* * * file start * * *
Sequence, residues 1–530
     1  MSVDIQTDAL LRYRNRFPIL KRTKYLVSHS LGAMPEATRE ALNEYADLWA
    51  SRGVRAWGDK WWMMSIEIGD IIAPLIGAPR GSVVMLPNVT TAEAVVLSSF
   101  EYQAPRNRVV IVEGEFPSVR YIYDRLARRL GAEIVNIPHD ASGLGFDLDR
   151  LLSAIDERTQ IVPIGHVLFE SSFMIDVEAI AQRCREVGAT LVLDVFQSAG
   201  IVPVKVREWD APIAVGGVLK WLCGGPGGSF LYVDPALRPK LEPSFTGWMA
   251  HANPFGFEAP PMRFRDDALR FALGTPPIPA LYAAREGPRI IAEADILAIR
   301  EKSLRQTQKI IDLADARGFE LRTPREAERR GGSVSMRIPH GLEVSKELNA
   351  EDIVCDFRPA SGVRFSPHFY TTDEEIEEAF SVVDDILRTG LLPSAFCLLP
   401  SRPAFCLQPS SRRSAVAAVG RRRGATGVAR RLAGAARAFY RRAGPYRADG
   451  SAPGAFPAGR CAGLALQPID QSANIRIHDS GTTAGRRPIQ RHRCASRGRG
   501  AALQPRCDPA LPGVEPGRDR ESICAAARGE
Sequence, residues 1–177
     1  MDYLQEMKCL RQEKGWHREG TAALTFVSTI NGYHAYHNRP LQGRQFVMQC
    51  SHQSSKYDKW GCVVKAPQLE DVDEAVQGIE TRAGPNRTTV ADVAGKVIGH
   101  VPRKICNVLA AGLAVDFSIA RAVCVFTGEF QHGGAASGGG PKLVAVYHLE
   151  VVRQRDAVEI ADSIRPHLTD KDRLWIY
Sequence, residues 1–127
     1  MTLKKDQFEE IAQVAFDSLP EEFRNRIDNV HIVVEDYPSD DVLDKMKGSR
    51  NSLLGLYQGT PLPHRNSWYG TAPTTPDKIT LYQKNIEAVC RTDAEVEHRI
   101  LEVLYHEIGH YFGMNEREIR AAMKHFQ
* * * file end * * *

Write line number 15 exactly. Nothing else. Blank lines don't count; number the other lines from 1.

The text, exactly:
    51  SHQSSKYDKW GCVVKAPQLE DVDEAVQGIE TRAGPNRTTV ADVAGKVIGH